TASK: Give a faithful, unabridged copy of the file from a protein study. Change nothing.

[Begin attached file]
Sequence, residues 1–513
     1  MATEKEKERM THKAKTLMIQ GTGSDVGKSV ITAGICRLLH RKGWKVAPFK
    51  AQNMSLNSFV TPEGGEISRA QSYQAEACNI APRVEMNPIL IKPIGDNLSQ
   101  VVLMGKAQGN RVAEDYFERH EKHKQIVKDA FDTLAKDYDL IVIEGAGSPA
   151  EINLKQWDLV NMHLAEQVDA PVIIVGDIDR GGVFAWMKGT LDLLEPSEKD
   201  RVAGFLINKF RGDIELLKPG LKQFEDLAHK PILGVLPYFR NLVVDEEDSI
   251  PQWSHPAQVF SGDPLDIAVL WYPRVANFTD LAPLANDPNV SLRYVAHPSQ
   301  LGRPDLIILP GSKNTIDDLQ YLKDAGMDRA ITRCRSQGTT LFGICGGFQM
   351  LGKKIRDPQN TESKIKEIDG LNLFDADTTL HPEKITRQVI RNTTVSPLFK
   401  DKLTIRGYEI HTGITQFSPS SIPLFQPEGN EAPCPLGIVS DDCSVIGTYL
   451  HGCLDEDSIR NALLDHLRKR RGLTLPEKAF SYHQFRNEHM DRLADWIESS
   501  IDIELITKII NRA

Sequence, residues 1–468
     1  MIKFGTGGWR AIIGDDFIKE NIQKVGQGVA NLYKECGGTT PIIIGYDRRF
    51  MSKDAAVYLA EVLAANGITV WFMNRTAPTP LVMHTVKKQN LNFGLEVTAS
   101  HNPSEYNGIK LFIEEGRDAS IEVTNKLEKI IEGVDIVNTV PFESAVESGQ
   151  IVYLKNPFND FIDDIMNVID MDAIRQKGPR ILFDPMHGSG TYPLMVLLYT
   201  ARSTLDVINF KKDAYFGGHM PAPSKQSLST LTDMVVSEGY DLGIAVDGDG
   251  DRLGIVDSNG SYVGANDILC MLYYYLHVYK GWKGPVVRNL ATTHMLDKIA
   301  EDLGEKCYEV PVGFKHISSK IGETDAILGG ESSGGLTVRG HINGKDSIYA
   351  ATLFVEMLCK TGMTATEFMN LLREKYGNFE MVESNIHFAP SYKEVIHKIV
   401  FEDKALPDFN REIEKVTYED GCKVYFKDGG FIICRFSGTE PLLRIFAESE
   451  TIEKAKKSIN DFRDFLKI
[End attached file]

Sequence, residues 1–513
     1  MATEKEKERM THKAKTLMIQ GTGSDVGKSV ITAGICRLLH RKGWKVAPFK
    51  AQNMSLNSFV TPEGGEISRA QSYQAEACNI APRVEMNPIL IKPIGDNLSQ
   101  VVLMGKAQGN RVAEDYFERH EKHKQIVKDA FDTLAKDYDL IVIEGAGSPA
   151  EINLKQWDLV NMHLAEQVDA PVIIVGDIDR GGVFAWMKGT LDLLEPSEKD
   201  RVAGFLINKF RGDIELLKPG LKQFEDLAHK PILGVLPYFR NLVVDEEDSI
   251  PQWSHPAQVF SGDPLDIAVL WYPRVANFTD LAPLANDPNV SLRYVAHPSQ
   301  LGRPDLIILP GSKNTIDDLQ YLKDAGMDRA ITRCRSQGTT LFGICGGFQM
   351  LGKKIRDPQN TESKIKEIDG LNLFDADTTL HPEKITRQVI RNTTVSPLFK
   401  DKLTIRGYEI HTGITQFSPS SIPLFQPEGN EAPCPLGIVS DDCSVIGTYL
   451  HGCLDEDSIR NALLDHLRKR RGLTLPEKAF SYHQFRNEHM DRLADWIESS
   501  IDIELITKII NRA

Sequence, residues 1–468
     1  MIKFGTGGWR AIIGDDFIKE NIQKVGQGVA NLYKECGGTT PIIIGYDRRF
    51  MSKDAAVYLA EVLAANGITV WFMNRTAPTP LVMHTVKKQN LNFGLEVTAS
   101  HNPSEYNGIK LFIEEGRDAS IEVTNKLEKI IEGVDIVNTV PFESAVESGQ
   151  IVYLKNPFND FIDDIMNVID MDAIRQKGPR ILFDPMHGSG TYPLMVLLYT
   201  ARSTLDVINF KKDAYFGGHM PAPSKQSLST LTDMVVSEGY DLGIAVDGDG
   251  DRLGIVDSNG SYVGANDILC MLYYYLHVYK GWKGPVVRNL ATTHMLDKIA
   301  EDLGEKCYEV PVGFKHISSK IGETDAILGG ESSGGLTVRG HINGKDSIYA
   351  ATLFVEMLCK TGMTATEFMN LLREKYGNFE MVESNIHFAP SYKEVIHKIV
   401  FEDKALPDFN REIEKVTYED GCKVYFKDGG FIICRFSGTE PLLRIFAESE
   451  TIEKAKKSIN DFRDFLKI